MATCH POINT: Tiafoe tops Norrie to reach Indian Wells semifinals

INDIAN WELLS, Calif.—Shortly before 1:00 p.m., during what proved the last changeover of today’s BNP Paribas Open quarterfinal match between Frances Tiafoe and Cameron Norrie, the Stadium 1 speakers played the longstanding Rolling Stones song, "Get Off Of My Cloud.” It was a fitting tune for a day that had started off with a morning rainstorm and a match that two points after starting was delayed for 20 minutes by a patch of drizzle.

Tiafoe by that late stage of the match was also eager to get Norrie off of his cloud. Two games earlier, Tiafoe had served at 6-4, 5-2, only to be broken. Now it was 5-4, a treacherous time for just about any player without a lights-out serve. Though the temperature was a comfortable 69 degrees, a slightly swirling breeze had been intruding all match long. Norrie had been more frustrated by it, the wind hindering the precision of his flat drives.

Nothing at this point could derail Tiafoe, though.. Up 30-love after two solid baseline points, he then unloaded a 139 m.p.h. ace down the T. On Tiafoe’s first match point, a Norrie forehand flew long. Tiafoe is now in the semis of a Masters 1000 event for the first time.

“I’m so happy about today,” Tiafoe told courtside interviewer Andrew Krasny following his 6-4, 6-4 victory. “I played on the baseline . . . It was pretty windy on this court. It worked to my advantage.”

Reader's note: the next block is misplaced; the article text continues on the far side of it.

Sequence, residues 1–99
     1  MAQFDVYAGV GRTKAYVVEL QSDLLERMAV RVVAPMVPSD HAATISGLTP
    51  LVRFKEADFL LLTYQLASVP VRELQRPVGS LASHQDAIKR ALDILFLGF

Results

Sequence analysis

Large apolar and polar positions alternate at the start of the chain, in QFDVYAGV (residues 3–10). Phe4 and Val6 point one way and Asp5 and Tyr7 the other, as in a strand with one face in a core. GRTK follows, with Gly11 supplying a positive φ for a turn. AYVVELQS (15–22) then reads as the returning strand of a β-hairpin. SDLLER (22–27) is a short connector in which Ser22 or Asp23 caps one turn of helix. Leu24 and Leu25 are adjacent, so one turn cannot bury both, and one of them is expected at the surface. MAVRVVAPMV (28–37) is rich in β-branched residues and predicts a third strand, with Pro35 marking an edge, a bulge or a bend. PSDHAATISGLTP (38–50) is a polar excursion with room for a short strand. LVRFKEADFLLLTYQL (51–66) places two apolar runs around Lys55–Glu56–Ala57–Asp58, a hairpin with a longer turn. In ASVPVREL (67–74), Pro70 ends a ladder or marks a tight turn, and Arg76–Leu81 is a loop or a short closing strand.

Airtight defense, imaginative offense and wire-to-wire composure were the keys to Tiafoe’s victory. Well aware how aggressive and inventive Norrie can be, Tiafoe repeatedly looked to apply pressure, with everything from smart court positioning and swift movements on the baseline to frequent treks forward. The tipping point came in the first set. With Norrie serving at 3-3, 15-30, Tiafoe ripped a crosscourt backhand return, charged into the net, and closed out the rally. Though Norrie won the 15-40 point with a crisp wide ace, Tiafoe at 30-40 struck an untouchable inside-out forehand winner.

Serving for the set at 5-4, Tiafoe went ahead 40-15 and sizzled a firm down-the-line backhand volley—tip your hat towards Stefan Edberg—that extracted a Norrie backhand into the net.

As the match went on, it was clear that while both players are creative, Tiafoe today had a notable edge in the movement department. That gave him the chance to both keep rallies alive and, as the opportunity surfaced, take control of them in a wide range of ways. Tiafoe’s ability to deploy angles, drop shots and volleys has improved significantly in the last year. A major reason for this is his improved fitness, a physical stamina that translates into mental fortitude. That’s even more apparent from the baseline. Tiafoe shows far more patience in rallies before he looks to engage his artistic side.

Norrie’s previous two matches, versus Andrey Rublev and Taro Daniel, had been quite arduous. Today, though, Norrie appeared more sluggish than usual, perhaps the result of those prior efforts, but also comprised by Tiafoe’s repeated success at dictating the tempo of so many rallies.

Next up for Tiafoe: the winner of this afternoon’s quarterfinal between Daniil Medvedev and Alejandro Davidovich Fokina.